WASHINGTON, Aug. 18, 2022 /PRNewswire/ -- NASA has selected four mission proposals submitted to the agency's Explorers Program for further study. The proposals include missions that would study exploding stars, distant clusters of galaxies, and nearby galaxies and stars.
Two Astrophysics Medium Explorer missions and two Explorer Missions of Opportunity have been selected to conduct mission concept studies. After detailed evaluation of those studies, NASA plans to select one Mission of Opportunity and one Medium Explorer in 2024 to proceed with implementation. The selected missions will be targeted for launch in 2027 and 2028, respectively.
"NASA's Explorers Program has a proud tradition of supporting innovative approaches to exceptional science, and these selections hold that same promise," said Thomas Zurbuchen, associate administrator for NASA's Science Mission Directorate at NASA Headquarters in Washington. "From studying the evolution of galaxies to explosive, high-energy events, these proposals are inspiring in their scope and creativity to explore the unknown in our universe."
NASA Explorer missions conduct focused scientific investigations and develop instruments that fill scientific gaps between the agency's larger space science missions. The proposals were competitively selected based on potential science value and feasibility of development plans.
The two Medium Explorer teams selected at this stage will each receive $3 million to conduct a nine-month mission concept study. Astrophysics Medium Explorer mission costs are capped at $300 million each, excluding the launch vehicle. The selected proposals are:
UltraViolet EXplorer (UVEX)
- UVEX would conduct a deep survey of the whole sky in two bands of ultraviolet light, to provide new insights into galaxy evolution and the lifecycle of stars. The spacecraft would have the ability to repoint rapidly to capture ultraviolet light from the explosion that follows a burst of gravitational waves caused by merging neutron stars. UVEX would carry an ultraviolet spectrograph for detailed study of massive stars and stellar explosions.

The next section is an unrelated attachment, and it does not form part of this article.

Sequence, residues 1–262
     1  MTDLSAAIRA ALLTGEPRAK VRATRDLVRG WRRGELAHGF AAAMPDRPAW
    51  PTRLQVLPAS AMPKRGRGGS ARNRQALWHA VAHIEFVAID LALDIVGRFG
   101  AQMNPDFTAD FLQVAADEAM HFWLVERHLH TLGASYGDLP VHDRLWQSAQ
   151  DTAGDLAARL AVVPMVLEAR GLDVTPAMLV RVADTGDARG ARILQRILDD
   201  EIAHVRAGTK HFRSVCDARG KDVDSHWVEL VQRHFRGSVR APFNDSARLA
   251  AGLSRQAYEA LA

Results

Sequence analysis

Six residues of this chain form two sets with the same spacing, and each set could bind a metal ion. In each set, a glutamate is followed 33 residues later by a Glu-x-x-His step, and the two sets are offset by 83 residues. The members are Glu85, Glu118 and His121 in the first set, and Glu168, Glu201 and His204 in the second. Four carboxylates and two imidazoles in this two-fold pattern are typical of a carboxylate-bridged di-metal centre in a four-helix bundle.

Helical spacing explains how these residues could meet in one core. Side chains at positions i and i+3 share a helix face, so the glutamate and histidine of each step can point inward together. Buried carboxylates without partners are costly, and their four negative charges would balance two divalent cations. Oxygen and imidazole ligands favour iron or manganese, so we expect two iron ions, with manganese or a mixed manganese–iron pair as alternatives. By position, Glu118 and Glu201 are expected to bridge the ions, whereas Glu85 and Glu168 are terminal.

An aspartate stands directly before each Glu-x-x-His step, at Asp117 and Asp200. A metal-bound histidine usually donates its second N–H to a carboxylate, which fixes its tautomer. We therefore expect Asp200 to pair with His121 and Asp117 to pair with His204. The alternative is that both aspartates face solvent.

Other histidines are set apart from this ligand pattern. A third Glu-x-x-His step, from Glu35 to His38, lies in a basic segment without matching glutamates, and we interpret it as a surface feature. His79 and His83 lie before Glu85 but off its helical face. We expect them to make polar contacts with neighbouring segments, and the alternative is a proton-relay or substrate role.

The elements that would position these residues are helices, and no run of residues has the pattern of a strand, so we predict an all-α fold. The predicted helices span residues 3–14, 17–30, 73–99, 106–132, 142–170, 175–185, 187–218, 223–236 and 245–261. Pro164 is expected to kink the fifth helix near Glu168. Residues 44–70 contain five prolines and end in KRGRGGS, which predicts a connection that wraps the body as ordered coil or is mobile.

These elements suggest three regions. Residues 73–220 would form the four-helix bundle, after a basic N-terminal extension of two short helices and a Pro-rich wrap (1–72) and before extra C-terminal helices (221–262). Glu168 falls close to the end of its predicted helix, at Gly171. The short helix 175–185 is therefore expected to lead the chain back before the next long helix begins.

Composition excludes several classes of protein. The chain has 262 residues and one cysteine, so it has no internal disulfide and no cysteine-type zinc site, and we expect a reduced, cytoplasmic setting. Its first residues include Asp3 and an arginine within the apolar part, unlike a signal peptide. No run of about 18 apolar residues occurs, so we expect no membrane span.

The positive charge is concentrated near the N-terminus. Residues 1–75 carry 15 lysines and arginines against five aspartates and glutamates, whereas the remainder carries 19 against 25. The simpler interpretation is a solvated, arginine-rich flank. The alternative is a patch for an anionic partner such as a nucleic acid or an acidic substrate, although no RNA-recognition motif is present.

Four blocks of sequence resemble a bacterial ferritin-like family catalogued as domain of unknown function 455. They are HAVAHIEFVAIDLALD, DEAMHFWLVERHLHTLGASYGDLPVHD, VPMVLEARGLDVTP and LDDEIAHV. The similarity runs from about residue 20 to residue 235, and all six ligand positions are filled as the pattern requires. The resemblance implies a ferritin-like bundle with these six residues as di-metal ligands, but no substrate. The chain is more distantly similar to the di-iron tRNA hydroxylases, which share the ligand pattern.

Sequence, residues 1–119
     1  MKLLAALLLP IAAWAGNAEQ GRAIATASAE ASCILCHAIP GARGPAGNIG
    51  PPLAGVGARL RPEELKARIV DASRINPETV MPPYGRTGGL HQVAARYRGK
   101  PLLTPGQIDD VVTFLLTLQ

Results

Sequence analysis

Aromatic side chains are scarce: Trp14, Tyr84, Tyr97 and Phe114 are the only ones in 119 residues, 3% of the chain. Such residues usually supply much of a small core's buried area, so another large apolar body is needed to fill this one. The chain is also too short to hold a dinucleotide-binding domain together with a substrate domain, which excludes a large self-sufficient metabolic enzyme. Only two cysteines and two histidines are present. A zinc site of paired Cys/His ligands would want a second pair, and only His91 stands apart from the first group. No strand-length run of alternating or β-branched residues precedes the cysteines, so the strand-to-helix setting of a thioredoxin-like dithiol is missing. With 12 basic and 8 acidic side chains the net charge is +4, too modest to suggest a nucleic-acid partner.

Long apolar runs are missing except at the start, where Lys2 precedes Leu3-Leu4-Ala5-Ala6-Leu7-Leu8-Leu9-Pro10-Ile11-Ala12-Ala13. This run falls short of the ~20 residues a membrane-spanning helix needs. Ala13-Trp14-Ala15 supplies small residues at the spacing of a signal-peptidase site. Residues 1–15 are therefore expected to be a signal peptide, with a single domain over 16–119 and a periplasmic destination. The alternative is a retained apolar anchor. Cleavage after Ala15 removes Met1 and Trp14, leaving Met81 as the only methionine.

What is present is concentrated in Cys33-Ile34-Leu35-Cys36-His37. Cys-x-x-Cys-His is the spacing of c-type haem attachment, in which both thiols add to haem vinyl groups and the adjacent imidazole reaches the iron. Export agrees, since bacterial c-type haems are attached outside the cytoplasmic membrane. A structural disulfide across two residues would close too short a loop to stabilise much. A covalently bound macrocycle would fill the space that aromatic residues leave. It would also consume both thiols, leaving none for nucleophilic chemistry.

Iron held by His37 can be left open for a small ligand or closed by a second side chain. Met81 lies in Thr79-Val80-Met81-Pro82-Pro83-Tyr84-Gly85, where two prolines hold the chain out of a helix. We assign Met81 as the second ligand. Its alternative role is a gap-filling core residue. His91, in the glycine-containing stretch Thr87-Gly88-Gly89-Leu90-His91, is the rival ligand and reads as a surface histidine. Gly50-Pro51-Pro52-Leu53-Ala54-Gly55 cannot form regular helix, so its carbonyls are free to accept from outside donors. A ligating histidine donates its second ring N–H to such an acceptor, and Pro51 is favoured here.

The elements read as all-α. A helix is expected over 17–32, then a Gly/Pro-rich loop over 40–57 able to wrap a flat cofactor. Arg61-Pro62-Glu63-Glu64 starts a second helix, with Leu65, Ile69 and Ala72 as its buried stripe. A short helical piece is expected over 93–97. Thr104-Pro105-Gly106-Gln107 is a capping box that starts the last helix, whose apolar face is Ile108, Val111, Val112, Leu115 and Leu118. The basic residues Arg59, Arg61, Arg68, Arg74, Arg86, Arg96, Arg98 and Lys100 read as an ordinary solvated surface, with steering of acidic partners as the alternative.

- Principal investigator: Fiona Harrison at Caltech in Pasadena, California
Survey and Time-domain Astrophysical Research Explorer (STAR-X)
- The STAR-X spacecraft would be able to turn rapidly to point a sensitive wide-field X-ray telescope and an ultraviolet telescope at transient cosmic sources, such as supernova explosions and active galaxies. Deep X-ray surveys would map hot gas trapped in distant clusters of galaxies; combined with infrared observations from NASA's upcoming Roman Space Telescope, these observations would trace how massive clusters of galaxies built up over cosmic history.
- Principal investigator: William Zhang at NASA's Goddard Space Flight Center in Greenbelt, Maryland
The two Mission of Opportunity teams selected at this stage will each receive $750,000 to conduct a nine-month implementation concept study. NASA Mission of Opportunity costs are capped at $80 million each. The selected proposals are:
Moon Burst Energetics All-sky Monitor (MoonBEAM)
- In its orbit between Earth and the Moon, MoonBEAM would see almost the whole sky at any time, watching for bursts of gamma rays from distant cosmic explosions and rapidly alerting other telescopes to study the source. MoonBEAM would see gamma rays earlier or later than telescopes on Earth or in low orbit, and astronomers could use that time difference to pinpoint the gamma-ray source in the sky.
- Principal investigator: Chiumun Michelle Hui at NASA's Marshall Space Flight Center in Huntsville, Alabama
A LargE Area burst Polarimeter (LEAP)
- Mounted on the International Space Station, LEAP would study gamma-ray bursts from the energetic jets launched during the formation of a black hole after the explosive death of a massive star, or in the merger of compact objects. The high-energy gamma-ray radiation can be polarized, or vibrate in a particular direction, which can distinguish between competing theories for the nature of the jets.
- Principal investigator: Mark McConnell at the University of New Hampshire in Durham
The Explorers Program is the oldest continuous NASA program. The program is designed to provide frequent, low-cost access to space using principal investigator-led space science investigations relevant to the Science Mission Directorate's astrophysics and heliophysics programs.
Since the launch of Explorer 1 in 1958, which discovered the Earth's radiation belts, the Explorers Program has launched more than 90 missions, including the Uhuru and Cosmic Background Explorer (COBE) missions that led to Nobel prizes for their investigators.
The program is managed by NASA Goddard for NASA's Science Mission Directorate in Washington, which conducts a wide variety of research and scientific exploration programs for Earth studies, space weather, the solar system, and the universe.
For more information about the Explorers Program, visit:
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